Justin Bieber: Mannish Boy

Justin Bieber is ready to be a grown-up superstar, if only those millions of screaming girls would let him think

August 2, 2012
Justin Bieber, Mannish Boy: The 2012 Cover Story
Photograph by Mark Seliger

The Calabasas Country Club is a good place for a celebrity who doesn't want to be seen: exclusive enough to have a guard and a gate, but not sexy enough to be a paparazzi magnet. The initiation fees here run a modest $25,000, as opposed to, say, a more formidable $150,000-plus down the road at Sherwood, where your bigger stars – your Timberlakes, your Pinkett-Smiths, your various Kardashians – like to play. And so, on this windy-hot Tuesday L.A. morning, instead of Britney Spears sunning at the pool, the biggest drama unfolding at Calabasas is whether the two old ladies in visors and cleats in front of the clubhouse will be able to complete their foursome. "Doris can't come," one is saying, "Beverly can't come."

But then, a burst of excitement. A matte-black Range Rover with Georgia plates, screaming into the parking lot blasting Drake at jet-engine volume. The car was a present for its owner's 16th birthday; his initials, J.B., are in studded crystals on the dash. (If you look closely, you can also see the dent in the front fender where he hit a pothole in his girlfriend's driveway.) And thus, with characteristic understatement, der Bieber makes his entrance. "What's up!" he says, his thousand-megawatt smile fully activated. "I'm Justin."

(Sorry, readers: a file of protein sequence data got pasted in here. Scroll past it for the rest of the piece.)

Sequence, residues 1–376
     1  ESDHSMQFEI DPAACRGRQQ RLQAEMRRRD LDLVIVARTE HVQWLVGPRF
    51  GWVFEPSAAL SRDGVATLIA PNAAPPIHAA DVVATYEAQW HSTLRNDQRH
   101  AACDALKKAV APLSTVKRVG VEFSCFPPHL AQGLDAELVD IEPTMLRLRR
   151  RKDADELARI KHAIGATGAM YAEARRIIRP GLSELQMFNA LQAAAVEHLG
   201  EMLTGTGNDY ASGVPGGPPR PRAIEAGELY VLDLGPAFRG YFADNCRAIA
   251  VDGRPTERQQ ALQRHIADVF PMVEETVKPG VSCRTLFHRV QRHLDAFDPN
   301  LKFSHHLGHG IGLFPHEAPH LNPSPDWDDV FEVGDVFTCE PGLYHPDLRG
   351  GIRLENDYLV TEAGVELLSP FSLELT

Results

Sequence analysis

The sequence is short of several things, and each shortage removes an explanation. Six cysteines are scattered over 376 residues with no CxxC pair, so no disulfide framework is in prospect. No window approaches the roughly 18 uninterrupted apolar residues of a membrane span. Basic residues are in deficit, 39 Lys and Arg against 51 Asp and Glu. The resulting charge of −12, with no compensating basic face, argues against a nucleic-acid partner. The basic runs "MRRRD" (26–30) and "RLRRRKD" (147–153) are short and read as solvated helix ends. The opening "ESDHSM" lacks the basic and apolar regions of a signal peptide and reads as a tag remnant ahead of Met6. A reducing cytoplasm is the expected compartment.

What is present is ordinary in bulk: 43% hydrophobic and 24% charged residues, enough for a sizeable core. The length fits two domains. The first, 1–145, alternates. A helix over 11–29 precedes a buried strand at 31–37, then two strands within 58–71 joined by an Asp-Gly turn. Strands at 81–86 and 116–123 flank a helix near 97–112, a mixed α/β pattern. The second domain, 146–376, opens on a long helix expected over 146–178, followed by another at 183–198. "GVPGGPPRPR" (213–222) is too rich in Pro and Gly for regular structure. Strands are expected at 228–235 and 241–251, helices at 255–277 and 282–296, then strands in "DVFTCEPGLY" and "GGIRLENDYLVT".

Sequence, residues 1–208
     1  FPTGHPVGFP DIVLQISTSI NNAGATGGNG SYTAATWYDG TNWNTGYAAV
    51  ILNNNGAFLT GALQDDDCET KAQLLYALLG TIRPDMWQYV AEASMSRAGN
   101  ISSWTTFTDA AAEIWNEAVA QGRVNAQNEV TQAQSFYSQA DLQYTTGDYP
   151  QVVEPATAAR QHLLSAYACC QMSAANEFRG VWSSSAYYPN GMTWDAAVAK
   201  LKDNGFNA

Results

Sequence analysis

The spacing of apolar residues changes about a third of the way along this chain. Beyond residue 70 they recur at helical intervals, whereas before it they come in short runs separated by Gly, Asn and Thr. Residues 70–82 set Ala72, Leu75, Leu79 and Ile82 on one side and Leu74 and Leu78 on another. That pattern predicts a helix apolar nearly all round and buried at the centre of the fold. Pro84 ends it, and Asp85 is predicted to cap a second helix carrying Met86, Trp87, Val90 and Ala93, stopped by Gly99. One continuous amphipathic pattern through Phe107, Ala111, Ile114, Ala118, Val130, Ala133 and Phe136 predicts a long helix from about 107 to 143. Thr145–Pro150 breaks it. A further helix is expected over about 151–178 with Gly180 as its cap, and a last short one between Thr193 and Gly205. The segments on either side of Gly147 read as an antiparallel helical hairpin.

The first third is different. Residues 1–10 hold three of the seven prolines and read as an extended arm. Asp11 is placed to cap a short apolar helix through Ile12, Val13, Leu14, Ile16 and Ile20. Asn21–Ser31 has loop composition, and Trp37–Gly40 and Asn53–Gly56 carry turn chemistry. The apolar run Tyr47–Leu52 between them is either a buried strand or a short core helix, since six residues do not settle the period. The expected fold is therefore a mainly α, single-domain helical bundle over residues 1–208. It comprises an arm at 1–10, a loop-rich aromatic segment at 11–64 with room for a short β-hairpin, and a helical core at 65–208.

The Evolution of Justin Bieber

Bieber glides his way to the practice range, his entourage trailing behind him. There's his head of security, Moshe Benabou, a former Israeli Defense Force soldier with a handshake like a trash compactor, who probably knows eight different ways to kill you without leaving a mark; Ryan Good, Bieber's creative director and "swagger coach," who's wearing black jeans and high-tops even though it's 90 degrees out and he's on a golf course; and Kenny Hamilton, a radio-DJ-turned-road-manager and all-around caretaker, who accompanies Bieber everywhere and has him saved in his phone as "Nephew."

You might have heard the numbers on Bieber – the 375,000 copies his new album, Believe, has sold, making it the biggest debut of the year; the 25 million followers on Twitter, second only to Lady Gaga; his 45 million Facebook fans, more than Mitt Romney and Barack Obama combined. But did you know it all started with a golf game? Back when he was growing up in Stratford, Ontario, Bieber was a regular at the local municipal course. He'd play almost every day in the summer; he says his handicap was a very respectable seven. And then one day, as he wrote in his 2010 memoir, First Step 2 Forever: My Story, "I wanted to go golfing with my friends . . . but I didn't have any money." So he took his guitar and started busking on the steps of a town theater, hoping to make $20, enough scratch for a round. He came home with $200, as well as a new career.